When a tailings pond broke at the Mount Polley gold and copper mine in south-central B.C., spilling millions of cubic metres of waste into a salmon-bearing stream, B.C. Energy and Mines Minister Bill Bennett called it an "extremely rare" occurrence, the first in 40 years for mines operating here. He failed to mention the 46 "dangerous or unusual occurrences" that B.C's chief inspector of mines reported at tailings ponds in the province between 2000 and 2012, as well as breaches at non-operating mine sites.
It's one thing to seek to learn from a disaster and it's another thing to incite emotional responses to promote hasty, unwise public policy actions. Despite the fact that virtually nothing was known about the cause of the Mount Polley leak, only two days after the spill, the David Suzuki Foundation had set up an automatic petition portal on their website calling on the province to institute a moratorium on new mine approvals, a suggestion that would imperil a substantial part of B.C.'s economy.
Without Tahltan consent, and against the clear wishes that our people have expressed, Fortune Minerals continues to press ahead with its plans to build the Arctos Anthracite open-pit coal mine on Mount Klappan in Tahltan territory. We will continue to work hard for our people and hope both the province and Fortune see that their current approach is not working, and the current path they are on is the wrong one.
Latincouver is, in reality, a business interest put forward under the guise of cultural exchange. While portraying itself as a centre for strengthening cultural ties, many local Latin Americans have criticized the group over their latest business conference, Expoplaza Latina. The event is focused more on mining and resource extraction than merengue and multiculturalism.
Depending on where you are, it's been getting hotter, colder, drier, wetter, stormier. Indeed, the changes, particularly the intensity of heatwaves and droughts, have been occurring faster than many scientists predicted. And that's made it a bit easier to feel there is something real about climate change.
Alberta has led all provinces in average annual economic growth over the last 20 years. Our unmatched strengths in agriculture, forestry and petrochemicals have earned us an international reputation but it is the energy sector that is our driving economic force. We are the energy hub in a nation that consistently ranks among the top 10 energy producers in the world. That's huge.
It's hard to have a conversation about Canada's economy these days without it touching on our natural resource wealth, and the global reach of our mining companies. But there's one part of this conversation that Canadian provinces may be missing: how they can become global leaders in a burgeoning international effort to improve governance and transparency in the extractive sector.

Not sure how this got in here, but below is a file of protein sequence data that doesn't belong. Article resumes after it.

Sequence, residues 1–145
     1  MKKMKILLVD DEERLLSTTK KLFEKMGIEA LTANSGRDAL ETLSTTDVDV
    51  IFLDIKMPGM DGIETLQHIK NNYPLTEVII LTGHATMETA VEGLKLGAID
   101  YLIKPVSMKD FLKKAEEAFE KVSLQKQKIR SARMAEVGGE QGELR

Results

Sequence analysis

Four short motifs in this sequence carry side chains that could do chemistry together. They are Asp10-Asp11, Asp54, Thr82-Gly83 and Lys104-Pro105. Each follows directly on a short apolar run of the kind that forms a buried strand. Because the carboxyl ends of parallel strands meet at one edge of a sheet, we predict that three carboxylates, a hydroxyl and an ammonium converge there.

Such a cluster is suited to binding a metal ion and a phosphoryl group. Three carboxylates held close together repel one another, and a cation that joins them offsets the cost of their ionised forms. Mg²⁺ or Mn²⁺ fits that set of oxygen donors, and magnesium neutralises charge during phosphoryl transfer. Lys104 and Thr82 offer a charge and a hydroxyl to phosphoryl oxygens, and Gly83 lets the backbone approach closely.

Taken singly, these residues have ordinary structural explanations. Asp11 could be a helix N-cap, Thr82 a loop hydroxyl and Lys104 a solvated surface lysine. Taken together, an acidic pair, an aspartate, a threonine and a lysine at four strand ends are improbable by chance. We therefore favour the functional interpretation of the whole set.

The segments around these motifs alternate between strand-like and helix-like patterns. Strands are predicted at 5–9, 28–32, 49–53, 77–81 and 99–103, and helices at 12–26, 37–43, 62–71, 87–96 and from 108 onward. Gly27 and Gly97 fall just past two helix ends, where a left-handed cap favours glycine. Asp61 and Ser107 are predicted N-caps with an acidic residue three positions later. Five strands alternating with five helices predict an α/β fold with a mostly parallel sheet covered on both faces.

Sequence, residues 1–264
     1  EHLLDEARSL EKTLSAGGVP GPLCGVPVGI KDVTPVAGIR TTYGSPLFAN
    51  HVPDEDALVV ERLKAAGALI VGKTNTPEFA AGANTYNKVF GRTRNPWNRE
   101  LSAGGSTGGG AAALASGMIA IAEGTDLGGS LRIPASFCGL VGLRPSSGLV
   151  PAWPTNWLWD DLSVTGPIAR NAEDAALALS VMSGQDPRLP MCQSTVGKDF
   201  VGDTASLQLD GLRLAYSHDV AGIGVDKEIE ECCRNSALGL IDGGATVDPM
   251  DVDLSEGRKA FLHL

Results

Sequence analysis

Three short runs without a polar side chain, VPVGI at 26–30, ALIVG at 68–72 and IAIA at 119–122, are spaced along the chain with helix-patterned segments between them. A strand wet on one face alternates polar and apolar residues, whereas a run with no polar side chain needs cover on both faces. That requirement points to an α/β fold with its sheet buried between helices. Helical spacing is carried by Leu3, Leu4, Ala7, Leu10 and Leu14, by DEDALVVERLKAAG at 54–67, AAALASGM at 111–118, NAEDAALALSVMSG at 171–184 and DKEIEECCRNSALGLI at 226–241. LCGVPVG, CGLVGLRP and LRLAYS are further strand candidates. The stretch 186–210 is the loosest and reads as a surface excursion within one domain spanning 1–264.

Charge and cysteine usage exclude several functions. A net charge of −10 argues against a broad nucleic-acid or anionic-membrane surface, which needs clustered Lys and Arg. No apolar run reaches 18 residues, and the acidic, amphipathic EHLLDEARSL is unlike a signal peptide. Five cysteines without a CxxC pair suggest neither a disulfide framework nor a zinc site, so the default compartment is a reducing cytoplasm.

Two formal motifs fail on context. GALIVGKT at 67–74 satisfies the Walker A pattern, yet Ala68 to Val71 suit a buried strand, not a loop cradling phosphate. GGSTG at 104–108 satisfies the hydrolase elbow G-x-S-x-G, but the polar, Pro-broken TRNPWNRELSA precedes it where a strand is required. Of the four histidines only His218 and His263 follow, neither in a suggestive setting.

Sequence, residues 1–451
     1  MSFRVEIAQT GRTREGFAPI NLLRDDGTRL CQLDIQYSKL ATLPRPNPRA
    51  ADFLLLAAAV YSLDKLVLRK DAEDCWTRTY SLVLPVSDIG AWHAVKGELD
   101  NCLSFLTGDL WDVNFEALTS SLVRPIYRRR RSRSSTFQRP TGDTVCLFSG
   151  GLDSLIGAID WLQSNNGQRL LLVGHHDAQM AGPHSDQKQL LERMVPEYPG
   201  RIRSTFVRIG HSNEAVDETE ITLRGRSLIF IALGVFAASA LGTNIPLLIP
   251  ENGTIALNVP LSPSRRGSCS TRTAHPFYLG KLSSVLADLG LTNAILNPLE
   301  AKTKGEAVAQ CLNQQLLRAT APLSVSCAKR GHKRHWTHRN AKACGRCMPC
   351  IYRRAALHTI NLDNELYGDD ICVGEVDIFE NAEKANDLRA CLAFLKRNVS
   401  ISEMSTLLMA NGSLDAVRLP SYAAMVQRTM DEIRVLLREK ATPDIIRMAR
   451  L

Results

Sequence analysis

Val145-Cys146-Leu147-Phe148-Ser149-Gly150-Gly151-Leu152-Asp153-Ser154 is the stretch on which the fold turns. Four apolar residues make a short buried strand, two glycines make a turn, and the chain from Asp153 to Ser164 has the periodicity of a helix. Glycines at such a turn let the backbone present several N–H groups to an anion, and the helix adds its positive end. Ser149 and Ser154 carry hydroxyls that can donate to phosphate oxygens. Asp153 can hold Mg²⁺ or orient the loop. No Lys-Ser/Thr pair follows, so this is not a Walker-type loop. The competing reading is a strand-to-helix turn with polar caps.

Gold mining is one of the most destructive things we do, and the reasons to worry about it are endless. Acid mine drainage -- a process through which non-usable materials found in gold deposits are exposed, acidified, and leached into the surrounding environment -- threatens water quality and is a common occurrence at gold mines worldwide. Other toxins like mercury are released through mining, further impacting local water systems. In a rainforest like Clayoquot Sound, water is the central element, and by jeopardizing it we jeopardize everything from salmon rehabilitation to cultural practices to recreational opportunities.
The reality is that mining is no longer about brute strength and pickaxes. It is now one of the most technologically advanced industries in the world. And as an industry that is currently pushing the boundaries of engineering and technology, we should be appealing to young women everywhere to become involved.
Amani may know nothing about the trillions of dollars' worth of minerals hiding beneath the ground of her country, the Democratic Republic of the Congo (DRC). But she may reap the benefits of her country's mineral wealth in the future, thanks to a new Canadian G8 commitment announced by Harper in London last week.
Quebec's political leaders seem to have fallen for the Great Green Dream of economic prosperity without energy or natural resource production. It's a magical vision of a world powered by unicorns and rainbows, where consumer goods are somehow conjured out of thin air rather than being manufactured with resources extracted from the ground. But experience in Europe shows that chasing the green dream is a path to financial ruin, not utopia. Quebec's one-two punch to energy and natural resource production is most likely to hurt the province itself more than the industries who might invest there.
International trade will be a key growth driver for the Canadian economy this year and next. However, the distribution of export growth in Canada's provinces is anything but even. Some are leading the charge, while others are steady at the national pace. Others are lagging behind, some quite seriously. What are the key factors influencing the different growth patterns?
There is merit to Peter Munk's position. If shareholders truly believe in pay for performance, then it is equally important to attract and motivate executive talent in a downturn as it is in an upturn. This means, paradoxically, that a compensation committee will pay out more, in spite of low stock price, and rein in executive pay during an upturn.
Although industrial projects like the proposed Enbridge Northern Gateway pipeline or the recently defeated mega-quarry in Ontario typically grab the headlines and bring out public opposition, it's often the combined impacts of a range of human activities on the same land base that threaten to drive nature beyond critical tipping points.